Writing between Cultures

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Joint event organized by the Temporal Communities Cluster of Excellence and the international literature festival berlin, at 6 p.m. on September 21 at silent green Kulturquartier

No 262/2019 from Sep 10, 2019

They moved as children or teens, perhaps from Iran to the United States or from Nigeria to the UK - "third culture kids." Three authors with these kinds of transcultural backgrounds will be featured at a joint event organized by the Temporal Communities Cluster of Excellence, Freie Universität Berlin, and the international literature festival berlin at 6 p.m. on September 21, where they will engage in discussion with scholars from the cluster. The guests are poet Kaveh Akbar and novelists Michel Faber and Chibundu Onuzo. They will be speaking with Dr. Dustin Breitenwischer, a scholar of American language and literature, and dance scholar Dr. Lindsey Drury. They will explore lives between cultures and how the life stories and experiences of the authors have shaped their writing. Toby Ashraf will moderate the event in English. The location is at silent green Kulturquartier, in Berlin’s Wedding district. Admission costs 8 euros. Discounted tickets are available for 6 euros.

The lives and work of the authors vary greatly. Kaveh Akbar was born in Tehran and grew up in the United States, where he still lives today. He heard his first poetry in Arabic, which he has never spoken himself; he publishes lyric poetry in English - in volumes of his own, but also in magazines and on the "Divedapper" poetry platform, which he founded. Author Michel Faber , who was born in The Hague and moved to Melbourne, Australia, at the age of seven, has published nine books in all, including international bestsellers. Faber writes historical novels and science fiction. He has lived in Scotland since the early 1990s. The stories written by Chibundu Onuzo take place in present-day Nigeria. At 14, she moved from the West African country to the UK, where she went to school and then went on to university, earning a doctorate in 2018. She published her first novel, The Spider King’s Daughter, when she was just 17.

In conversation with Dustin Breitenwischer and Lindsey Drury , whose research projects at the Temporal Communities cluster are dedicated to transcultural and intercultural interconnections in different areas, the authors hope to shed light on the concept of "third culture kids" in literature from various perspectives. The discussion will focus on the unique nature of every journey to navigate different cultures and on certain commonalities. What experiences do these writers share? What aspects elude a comparative perspective?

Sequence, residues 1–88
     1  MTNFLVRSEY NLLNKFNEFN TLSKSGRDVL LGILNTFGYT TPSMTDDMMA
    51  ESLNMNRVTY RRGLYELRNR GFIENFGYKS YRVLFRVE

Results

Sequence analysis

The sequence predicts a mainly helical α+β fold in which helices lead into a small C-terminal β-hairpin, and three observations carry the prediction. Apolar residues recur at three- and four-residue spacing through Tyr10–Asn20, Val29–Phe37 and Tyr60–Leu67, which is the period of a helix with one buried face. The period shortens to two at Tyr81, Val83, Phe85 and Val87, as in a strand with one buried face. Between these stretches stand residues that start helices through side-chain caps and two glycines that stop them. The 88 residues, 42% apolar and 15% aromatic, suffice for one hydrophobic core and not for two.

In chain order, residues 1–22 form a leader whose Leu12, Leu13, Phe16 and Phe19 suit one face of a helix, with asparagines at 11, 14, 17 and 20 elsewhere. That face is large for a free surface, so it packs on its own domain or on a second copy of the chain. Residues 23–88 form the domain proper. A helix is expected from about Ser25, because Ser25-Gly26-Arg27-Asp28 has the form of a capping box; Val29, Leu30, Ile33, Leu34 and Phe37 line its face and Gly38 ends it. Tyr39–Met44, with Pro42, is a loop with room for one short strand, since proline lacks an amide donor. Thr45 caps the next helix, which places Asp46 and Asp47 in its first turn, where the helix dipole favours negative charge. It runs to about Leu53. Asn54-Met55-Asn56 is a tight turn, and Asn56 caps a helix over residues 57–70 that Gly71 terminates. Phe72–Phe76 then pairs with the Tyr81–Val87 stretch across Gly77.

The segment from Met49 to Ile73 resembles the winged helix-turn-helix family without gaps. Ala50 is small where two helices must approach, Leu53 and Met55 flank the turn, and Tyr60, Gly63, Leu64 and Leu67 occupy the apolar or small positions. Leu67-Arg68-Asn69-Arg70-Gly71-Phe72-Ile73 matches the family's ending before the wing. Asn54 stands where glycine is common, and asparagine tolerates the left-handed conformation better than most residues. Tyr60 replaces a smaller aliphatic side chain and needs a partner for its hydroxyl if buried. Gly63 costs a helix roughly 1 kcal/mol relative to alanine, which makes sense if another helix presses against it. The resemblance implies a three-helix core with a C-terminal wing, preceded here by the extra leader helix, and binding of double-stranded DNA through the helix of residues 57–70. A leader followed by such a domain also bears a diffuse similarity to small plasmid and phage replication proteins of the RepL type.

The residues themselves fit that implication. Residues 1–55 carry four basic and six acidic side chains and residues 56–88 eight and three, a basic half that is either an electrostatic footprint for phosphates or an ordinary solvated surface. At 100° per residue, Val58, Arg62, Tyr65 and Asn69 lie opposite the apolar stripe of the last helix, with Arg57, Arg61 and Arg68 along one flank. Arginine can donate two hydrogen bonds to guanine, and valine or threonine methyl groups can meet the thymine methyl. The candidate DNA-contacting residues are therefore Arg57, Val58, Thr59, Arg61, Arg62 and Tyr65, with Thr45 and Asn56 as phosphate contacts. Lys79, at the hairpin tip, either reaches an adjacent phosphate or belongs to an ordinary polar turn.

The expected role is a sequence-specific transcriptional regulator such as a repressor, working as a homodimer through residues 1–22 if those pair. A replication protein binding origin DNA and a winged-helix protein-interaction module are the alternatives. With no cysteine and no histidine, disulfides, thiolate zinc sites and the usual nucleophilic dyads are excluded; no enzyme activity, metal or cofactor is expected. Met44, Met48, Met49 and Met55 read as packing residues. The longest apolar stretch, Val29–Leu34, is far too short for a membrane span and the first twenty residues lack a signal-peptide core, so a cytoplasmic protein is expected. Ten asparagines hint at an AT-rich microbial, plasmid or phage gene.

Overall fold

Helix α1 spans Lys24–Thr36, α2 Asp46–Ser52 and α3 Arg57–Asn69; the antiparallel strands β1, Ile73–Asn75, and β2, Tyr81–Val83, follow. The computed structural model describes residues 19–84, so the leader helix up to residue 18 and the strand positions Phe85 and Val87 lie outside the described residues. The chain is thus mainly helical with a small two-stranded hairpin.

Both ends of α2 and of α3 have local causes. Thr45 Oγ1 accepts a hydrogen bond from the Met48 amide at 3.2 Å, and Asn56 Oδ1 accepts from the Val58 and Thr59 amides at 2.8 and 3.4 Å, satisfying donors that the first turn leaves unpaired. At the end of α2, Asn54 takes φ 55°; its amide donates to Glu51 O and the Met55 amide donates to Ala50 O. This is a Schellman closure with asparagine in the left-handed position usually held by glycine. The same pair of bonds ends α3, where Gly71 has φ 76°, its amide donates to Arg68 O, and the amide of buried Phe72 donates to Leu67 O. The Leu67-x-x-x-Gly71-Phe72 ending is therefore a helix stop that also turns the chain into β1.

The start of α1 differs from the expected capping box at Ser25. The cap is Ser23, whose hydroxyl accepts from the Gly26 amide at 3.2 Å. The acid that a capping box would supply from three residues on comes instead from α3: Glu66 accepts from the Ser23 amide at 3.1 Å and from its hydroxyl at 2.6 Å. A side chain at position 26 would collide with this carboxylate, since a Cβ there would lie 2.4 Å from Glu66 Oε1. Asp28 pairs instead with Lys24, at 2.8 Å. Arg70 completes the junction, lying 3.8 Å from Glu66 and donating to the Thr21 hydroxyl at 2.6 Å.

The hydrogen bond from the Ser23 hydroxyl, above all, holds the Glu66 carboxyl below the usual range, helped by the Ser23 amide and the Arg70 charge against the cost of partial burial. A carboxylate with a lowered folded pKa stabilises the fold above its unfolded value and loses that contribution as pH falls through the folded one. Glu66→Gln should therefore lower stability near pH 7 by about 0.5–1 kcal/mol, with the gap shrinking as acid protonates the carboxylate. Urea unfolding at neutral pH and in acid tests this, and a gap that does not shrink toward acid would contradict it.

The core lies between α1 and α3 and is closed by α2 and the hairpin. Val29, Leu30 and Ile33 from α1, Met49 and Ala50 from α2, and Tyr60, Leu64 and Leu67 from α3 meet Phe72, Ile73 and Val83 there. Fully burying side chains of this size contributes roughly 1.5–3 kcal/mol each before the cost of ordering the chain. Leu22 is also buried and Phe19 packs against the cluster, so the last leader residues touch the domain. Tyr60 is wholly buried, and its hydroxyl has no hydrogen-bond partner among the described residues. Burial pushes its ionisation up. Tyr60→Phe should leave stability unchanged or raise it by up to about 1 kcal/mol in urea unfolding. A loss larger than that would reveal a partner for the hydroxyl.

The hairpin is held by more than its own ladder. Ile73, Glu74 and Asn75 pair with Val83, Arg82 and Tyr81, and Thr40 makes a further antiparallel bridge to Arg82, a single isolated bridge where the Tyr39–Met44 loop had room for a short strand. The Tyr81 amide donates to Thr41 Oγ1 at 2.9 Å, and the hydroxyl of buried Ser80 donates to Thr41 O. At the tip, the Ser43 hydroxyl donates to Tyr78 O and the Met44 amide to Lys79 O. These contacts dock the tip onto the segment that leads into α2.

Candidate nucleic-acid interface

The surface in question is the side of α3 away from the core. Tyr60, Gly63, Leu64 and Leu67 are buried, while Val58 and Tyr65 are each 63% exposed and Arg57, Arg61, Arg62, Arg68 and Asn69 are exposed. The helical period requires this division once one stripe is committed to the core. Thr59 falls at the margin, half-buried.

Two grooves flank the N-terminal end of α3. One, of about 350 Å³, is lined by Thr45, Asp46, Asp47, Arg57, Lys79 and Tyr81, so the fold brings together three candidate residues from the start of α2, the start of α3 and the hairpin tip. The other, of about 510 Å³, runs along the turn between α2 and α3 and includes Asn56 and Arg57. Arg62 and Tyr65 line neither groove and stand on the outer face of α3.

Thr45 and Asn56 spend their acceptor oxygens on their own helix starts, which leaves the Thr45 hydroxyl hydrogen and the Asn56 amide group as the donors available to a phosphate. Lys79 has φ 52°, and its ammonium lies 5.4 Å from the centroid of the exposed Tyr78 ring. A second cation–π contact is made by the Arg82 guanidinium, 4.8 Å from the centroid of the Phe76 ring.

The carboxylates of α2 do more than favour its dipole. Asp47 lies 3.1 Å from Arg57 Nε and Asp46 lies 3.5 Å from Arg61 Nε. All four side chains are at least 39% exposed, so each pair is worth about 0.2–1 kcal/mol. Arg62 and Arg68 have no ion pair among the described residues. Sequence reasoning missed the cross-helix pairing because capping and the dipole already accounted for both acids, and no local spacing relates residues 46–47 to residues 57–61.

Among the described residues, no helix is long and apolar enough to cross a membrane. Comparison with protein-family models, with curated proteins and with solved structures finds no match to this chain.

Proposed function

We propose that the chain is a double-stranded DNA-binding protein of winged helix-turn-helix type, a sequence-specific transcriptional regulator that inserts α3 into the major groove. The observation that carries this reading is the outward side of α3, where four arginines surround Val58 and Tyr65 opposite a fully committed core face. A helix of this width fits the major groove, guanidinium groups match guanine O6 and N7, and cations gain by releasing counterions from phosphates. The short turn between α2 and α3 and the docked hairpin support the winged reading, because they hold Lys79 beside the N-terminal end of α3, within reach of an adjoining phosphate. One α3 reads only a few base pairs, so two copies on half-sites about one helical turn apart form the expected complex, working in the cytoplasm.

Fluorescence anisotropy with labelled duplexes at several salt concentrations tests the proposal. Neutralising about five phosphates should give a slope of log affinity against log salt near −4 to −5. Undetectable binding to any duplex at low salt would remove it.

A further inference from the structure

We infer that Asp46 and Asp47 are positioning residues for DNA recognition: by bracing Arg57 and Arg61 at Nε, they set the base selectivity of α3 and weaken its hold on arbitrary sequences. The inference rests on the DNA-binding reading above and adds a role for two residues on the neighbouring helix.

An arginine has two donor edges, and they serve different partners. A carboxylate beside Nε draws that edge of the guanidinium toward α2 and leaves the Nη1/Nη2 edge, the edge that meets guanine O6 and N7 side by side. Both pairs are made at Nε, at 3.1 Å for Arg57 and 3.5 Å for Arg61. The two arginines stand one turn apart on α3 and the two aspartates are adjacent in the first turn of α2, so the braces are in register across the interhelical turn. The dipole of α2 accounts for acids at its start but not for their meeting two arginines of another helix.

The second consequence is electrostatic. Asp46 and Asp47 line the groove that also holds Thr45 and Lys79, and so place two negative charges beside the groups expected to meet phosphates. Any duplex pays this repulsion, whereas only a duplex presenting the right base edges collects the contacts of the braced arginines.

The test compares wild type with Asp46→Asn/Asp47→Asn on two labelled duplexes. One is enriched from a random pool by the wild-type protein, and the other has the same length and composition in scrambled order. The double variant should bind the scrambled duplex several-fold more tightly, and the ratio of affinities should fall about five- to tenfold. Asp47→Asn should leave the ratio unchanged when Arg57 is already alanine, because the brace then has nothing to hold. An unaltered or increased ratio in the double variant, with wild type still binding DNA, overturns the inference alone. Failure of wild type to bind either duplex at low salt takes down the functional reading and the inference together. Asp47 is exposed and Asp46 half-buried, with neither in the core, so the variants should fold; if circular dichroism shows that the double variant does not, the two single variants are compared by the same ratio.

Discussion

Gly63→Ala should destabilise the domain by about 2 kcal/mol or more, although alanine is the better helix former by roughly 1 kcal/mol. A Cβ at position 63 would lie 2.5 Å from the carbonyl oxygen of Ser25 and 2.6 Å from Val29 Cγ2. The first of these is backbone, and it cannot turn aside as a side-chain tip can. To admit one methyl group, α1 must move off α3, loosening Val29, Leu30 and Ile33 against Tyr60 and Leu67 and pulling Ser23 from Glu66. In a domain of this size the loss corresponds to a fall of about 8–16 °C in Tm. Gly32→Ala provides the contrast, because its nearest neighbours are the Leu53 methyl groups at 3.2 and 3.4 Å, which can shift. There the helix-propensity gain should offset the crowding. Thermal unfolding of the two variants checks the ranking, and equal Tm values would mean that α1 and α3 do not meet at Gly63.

The "Temporal Communities: Doing Literature in a Global Perspective" cluster aims to help rethink literature from a global perspective. The central idea is that the interlinking of literature across time makes it global. The goal is a new theoretical and methodological approach to literature. The scholars also aim to transcend traditional categories such as nation and period and to understand literature as a transcultural and transtemporal phenomenon in its historical depths and dimensions. Through the concept of "temporal communities," researchers within the cluster study how literature forms networks over time and across space, even as the term "literature" itself is constantly in flux through interactions with different artists and media.

In keeping with this view, the cluster’s research program is being carried out in cooperation with various cultural and academic institutions in Berlin. The cluster’s Berlin Partners Network encompasses museums, theaters, literary venues, and archives. Through dialogue with artists, creators, and other scholars and researchers, the cluster and its partners work outside the university to explore the living interconnections among various media and arts through which literature can be expressed.

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